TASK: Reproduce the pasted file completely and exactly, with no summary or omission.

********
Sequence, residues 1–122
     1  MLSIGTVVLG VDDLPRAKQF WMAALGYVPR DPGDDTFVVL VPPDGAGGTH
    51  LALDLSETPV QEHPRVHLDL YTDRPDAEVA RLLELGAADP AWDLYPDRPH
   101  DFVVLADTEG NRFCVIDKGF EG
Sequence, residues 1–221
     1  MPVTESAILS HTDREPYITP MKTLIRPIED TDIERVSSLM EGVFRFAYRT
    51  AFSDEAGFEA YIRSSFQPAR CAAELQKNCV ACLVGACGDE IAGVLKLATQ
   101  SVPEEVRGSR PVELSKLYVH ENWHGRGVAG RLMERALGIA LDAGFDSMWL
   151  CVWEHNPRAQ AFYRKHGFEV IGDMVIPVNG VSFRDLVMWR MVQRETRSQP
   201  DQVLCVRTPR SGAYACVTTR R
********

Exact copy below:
Sequence, residues 1–122
     1  MLSIGTVVLG VDDLPRAKQF WMAALGYVPR DPGDDTFVVL VPPDGAGGTH
    51  LALDLSETPV QEHPRVHLDL YTDRPDAEVA RLLELGAADP AWDLYPDRPH
   101  DFVVLADTEG NRFCVIDKGF EG
Sequence, residues 1–221
     1  MPVTESAILS HTDREPYITP MKTLIRPIED TDIERVSSLM EGVFRFAYRT
    51  AFSDEAGFEA YIRSSFQPAR CAAELQKNCV ACLVGACGDE IAGVLKLATQ
   101  SVPEEVRGSR PVELSKLYVH ENWHGRGVAG RLMERALGIA LDAGFDSMWL
   151  CVWEHNPRAQ AFYRKHGFEV IGDMVIPVNG VSFRDLVMWR MVQRETRSQP
   201  DQVLCVRTPR SGAYACVTTR R